As a second-gen Trekkie, geek and black lady, Uhura has long served as an avatar of sorts for me, as I am sure she has for many other black geeks. I’ve dressed up as her for several Halloweens and even played a show with my band dressed up as her. My Uhura costume is more than a tribute to her character, but a public shorthand of sorts, a way to declare my nerdiness and my black-womanness in equal measure. For me, watching Star Trek with my family on Sunday afternoons before dinner, Uhura represented not only beauty, smarts, and professionalism but most importantly adventure. The kind of adventure that didn’t include black women. Space adventure.

It’s often argued that by today’s sophisticated TV standards, Uhura is hardly a three-dimensional television character; her voice, or motivations or desires don’t propel any story. She’s there mostly in the background, and mostly in a mini dress. And yesyesyes a feminist critique of women characters on the original Star Trek will find her depiction as problematic. But there’s contemporary sci-fi that passes the Bechdel Test, yes, but still see black women as non-entities. Uhura, in 1966, was there, she was present, and her presence was powerful.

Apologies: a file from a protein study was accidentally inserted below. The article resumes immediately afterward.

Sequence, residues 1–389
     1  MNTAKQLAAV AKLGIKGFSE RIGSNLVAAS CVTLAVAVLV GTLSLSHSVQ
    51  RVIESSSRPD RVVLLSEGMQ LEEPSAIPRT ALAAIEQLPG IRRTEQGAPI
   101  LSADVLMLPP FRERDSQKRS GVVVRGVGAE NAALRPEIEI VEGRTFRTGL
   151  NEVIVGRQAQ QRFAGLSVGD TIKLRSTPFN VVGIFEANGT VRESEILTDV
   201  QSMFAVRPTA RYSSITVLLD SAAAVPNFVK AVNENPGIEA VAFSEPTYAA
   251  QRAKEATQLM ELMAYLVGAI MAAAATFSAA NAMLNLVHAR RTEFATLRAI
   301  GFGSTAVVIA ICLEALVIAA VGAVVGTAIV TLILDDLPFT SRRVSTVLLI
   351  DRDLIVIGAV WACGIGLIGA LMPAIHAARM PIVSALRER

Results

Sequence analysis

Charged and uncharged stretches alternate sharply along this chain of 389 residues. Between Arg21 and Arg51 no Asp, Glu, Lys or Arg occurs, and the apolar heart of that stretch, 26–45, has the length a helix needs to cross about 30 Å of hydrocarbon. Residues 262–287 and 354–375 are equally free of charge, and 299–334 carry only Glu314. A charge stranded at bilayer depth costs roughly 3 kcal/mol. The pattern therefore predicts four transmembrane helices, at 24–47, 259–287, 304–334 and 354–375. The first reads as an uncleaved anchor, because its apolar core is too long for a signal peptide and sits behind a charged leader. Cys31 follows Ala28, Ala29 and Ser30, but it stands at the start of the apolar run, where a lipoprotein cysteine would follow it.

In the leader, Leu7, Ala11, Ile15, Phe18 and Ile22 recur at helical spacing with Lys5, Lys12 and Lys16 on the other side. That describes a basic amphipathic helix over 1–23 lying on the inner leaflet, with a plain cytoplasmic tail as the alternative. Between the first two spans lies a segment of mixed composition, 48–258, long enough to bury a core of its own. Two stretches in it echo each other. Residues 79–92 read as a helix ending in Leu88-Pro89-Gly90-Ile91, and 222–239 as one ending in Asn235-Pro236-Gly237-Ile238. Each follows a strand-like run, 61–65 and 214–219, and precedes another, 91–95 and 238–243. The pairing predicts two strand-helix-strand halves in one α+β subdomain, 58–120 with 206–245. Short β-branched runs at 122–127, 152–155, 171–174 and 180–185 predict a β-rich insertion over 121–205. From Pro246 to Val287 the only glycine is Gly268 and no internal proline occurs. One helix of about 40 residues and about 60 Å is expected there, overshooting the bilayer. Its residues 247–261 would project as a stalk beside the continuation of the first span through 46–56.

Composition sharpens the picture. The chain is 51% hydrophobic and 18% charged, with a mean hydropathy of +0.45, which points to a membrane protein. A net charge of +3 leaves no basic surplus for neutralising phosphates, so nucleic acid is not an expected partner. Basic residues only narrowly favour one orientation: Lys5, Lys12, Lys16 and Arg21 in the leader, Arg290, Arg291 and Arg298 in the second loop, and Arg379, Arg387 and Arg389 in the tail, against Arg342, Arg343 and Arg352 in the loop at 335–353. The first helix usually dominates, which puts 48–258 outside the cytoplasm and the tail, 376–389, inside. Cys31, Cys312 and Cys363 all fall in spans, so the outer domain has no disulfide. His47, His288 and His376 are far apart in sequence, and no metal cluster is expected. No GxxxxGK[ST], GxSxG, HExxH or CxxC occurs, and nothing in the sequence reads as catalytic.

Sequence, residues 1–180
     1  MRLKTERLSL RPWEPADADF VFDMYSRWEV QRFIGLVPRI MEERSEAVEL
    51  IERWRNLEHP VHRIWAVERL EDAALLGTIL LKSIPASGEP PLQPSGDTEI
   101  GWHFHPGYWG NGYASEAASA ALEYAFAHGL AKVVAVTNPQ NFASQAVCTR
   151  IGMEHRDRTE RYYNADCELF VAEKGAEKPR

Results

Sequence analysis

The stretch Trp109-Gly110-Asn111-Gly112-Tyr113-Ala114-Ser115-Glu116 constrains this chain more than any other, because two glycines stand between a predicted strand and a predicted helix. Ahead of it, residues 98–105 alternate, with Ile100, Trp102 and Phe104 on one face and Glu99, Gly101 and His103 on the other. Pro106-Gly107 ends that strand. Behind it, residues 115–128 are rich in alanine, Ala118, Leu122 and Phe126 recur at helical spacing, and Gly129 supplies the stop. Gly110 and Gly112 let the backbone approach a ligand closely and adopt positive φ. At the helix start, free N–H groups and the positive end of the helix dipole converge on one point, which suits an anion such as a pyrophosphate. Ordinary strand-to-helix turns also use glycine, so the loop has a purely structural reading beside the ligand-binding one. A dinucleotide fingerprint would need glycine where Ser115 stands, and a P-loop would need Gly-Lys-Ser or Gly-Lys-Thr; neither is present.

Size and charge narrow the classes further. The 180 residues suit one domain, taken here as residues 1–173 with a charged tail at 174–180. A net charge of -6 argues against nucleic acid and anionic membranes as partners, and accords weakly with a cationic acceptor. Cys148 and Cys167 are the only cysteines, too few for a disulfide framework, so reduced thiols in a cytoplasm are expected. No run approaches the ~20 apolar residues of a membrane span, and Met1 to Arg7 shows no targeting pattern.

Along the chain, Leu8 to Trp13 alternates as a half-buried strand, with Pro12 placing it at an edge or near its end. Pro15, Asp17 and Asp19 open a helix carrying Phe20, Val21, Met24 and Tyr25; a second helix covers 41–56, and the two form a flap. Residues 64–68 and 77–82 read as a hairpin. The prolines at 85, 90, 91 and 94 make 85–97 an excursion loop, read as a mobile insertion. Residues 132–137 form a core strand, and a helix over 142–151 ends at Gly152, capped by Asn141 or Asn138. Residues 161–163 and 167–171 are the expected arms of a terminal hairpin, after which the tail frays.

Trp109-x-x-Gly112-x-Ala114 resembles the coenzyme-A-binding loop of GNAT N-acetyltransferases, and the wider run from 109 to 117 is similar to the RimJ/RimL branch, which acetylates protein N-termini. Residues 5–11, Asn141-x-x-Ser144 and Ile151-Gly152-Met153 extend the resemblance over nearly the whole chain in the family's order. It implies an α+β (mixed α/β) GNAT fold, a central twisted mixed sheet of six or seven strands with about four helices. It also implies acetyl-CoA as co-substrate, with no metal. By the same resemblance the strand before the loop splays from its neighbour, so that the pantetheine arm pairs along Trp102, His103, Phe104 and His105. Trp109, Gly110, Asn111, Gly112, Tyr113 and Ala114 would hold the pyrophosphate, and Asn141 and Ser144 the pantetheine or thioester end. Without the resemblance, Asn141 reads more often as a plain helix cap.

And while not as well known as Uhura, for a subset of Gen-Xers and young Millenials, another character played a similar role: Claudia Grant of the 80’s anime Robotech. I would even say for me personally, Claudia was an even bigger influence on me as a youngster than Uhura was, though Nichelle Nicols/Uhura’s impact endured longer. Maybe this is in part because Claudia dies at the end of Robotech which emotionally scarred me for at least two full days. (I later learned that Claudia actually doesn’t perish at the end of the original Japanese edit of Robotech, Macross, and if I ever have the chance to meet Carl Macek, who adapted the anime for the U.S., I will have words with him about why exactly he made that choice.)